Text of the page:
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Eur J Cardiovasc Prev Rehabil. 2004 Dec;11(6):497-502.

Attenuation of inflammation with short-term dietary intervention is associated with a reduction of arterial stiffness in subjects with hypercholesterolaemia.

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Unit of Internal Medicine, Angiology and Arteriosclerosis Diseases, Department of Clinical and Experimental Medicine, University of Perugia, Perugia, Italy.



Increased arterial stiffness has been found in patients with chronic high-grade inflammatory diseases. Whether mitigation of low-grade systemic inflammation, through a low-cholesterol/low-saturated fat diet, may have a role in improving arterial stiffness is still untested.


We investigated whether variations in blood lipids and plasma C-reactive protein induced by low-cholesterol/low-saturated fat diet are associated with variations in large-artery stiffness in hypercholesterolaemia.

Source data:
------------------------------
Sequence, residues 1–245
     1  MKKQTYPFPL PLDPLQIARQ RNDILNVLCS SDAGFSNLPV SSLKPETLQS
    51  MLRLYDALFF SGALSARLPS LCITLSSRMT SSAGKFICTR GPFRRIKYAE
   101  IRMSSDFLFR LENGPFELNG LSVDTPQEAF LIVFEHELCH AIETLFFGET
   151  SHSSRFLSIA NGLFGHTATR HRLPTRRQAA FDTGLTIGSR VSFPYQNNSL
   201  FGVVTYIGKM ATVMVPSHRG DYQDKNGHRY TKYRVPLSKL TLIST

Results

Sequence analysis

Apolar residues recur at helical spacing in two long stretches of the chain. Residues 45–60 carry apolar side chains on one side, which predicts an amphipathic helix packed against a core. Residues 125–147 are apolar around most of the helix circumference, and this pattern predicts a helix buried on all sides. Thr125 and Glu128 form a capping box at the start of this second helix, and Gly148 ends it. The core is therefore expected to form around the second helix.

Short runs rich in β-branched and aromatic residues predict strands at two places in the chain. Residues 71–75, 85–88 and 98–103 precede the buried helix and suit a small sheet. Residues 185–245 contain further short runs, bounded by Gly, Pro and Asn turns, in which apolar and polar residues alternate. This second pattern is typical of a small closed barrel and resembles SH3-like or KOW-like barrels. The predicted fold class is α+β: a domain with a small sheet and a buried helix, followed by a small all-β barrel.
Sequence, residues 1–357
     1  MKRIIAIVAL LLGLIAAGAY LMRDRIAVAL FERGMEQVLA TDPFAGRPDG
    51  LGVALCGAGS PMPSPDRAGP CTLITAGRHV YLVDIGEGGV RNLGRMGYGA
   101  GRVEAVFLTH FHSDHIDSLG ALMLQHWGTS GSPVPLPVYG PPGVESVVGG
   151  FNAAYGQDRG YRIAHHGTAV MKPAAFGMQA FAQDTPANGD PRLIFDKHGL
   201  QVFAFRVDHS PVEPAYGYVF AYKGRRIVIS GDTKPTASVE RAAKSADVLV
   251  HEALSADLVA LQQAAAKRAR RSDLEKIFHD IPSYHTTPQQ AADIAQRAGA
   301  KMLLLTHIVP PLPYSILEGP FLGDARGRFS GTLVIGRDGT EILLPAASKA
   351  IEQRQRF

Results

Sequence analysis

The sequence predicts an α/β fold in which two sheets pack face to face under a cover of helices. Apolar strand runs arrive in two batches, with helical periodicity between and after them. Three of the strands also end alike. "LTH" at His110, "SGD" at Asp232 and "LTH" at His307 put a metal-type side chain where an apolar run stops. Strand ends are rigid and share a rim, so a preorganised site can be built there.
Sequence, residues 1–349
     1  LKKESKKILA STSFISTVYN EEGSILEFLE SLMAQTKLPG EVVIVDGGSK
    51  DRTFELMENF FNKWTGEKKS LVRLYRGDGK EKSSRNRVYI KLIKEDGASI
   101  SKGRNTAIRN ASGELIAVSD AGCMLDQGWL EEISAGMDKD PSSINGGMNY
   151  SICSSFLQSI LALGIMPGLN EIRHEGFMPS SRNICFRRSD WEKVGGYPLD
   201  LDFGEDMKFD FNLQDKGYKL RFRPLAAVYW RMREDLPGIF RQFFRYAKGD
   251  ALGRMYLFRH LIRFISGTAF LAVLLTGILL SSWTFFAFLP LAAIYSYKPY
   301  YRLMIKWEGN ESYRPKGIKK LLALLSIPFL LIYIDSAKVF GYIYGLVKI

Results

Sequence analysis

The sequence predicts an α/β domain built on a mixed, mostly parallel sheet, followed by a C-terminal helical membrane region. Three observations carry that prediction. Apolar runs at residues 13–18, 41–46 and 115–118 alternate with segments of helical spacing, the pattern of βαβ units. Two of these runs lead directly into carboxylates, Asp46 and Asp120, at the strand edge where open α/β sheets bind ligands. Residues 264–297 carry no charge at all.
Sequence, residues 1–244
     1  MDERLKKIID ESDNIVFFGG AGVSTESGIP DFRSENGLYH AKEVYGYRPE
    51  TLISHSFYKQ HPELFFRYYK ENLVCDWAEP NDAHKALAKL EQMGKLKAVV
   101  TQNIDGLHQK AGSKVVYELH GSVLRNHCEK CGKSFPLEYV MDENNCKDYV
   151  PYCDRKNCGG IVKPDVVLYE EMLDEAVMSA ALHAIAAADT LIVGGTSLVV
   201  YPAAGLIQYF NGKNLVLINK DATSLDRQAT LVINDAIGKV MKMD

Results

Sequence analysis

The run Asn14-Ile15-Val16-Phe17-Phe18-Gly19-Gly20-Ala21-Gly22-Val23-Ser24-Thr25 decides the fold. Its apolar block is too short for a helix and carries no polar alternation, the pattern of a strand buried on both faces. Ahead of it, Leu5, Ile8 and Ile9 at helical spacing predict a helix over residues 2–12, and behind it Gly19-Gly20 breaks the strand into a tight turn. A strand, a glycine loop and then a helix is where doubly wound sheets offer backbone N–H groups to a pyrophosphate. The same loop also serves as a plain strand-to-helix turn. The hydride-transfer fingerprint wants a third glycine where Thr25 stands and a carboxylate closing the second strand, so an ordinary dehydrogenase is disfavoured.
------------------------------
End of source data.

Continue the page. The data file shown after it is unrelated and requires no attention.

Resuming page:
Thirty-five patients with primary hypercholesterolaemia and 15 normal control subjects were recruited for the study. Hypercholesterolaemic patients followed an 8-week low-cholesterol/low-saturated fat diet (30% total fat, 5% saturated fat, cholesterol <200 mg/daily). Anthropometric characteristics, blood lipids, plasma C-reactive protein and arterial stiffness were measured at baseline and after the diet.


Arterial stiffness and C-reactive protein levels were higher in hypercholesterolaemic patients than in controls. Significant reductions in body weight (2 kg, 3%), plasma total cholesterol (13.4 mg/dl, 5.3%), low-density lipoprotein cholesterol (11.2 mg/dl, 6.4%), C-reactive protein (0.7 mg/l, 39%) and arterial stiffness (from 8.9+/-2.0 to 8.1+/-1.9 m/s, 11%) were achieved among hypercholesterolaemic patients after the 8-week diet (P<0.05 for all). Bivariate correlations and multivariate analysis showed reduction in arterial stiffness after short-term diet to be associated with reduction of plasma C-reactive protein levels (r=0.59, beta=0.38, P<0.05 for both).


Short-term low-cholesterol/low-saturated fat diet in hypercholesterolaemia may be effective in improving large artery stiffness, likely through the mitigation of low-grade systemic inflammation.

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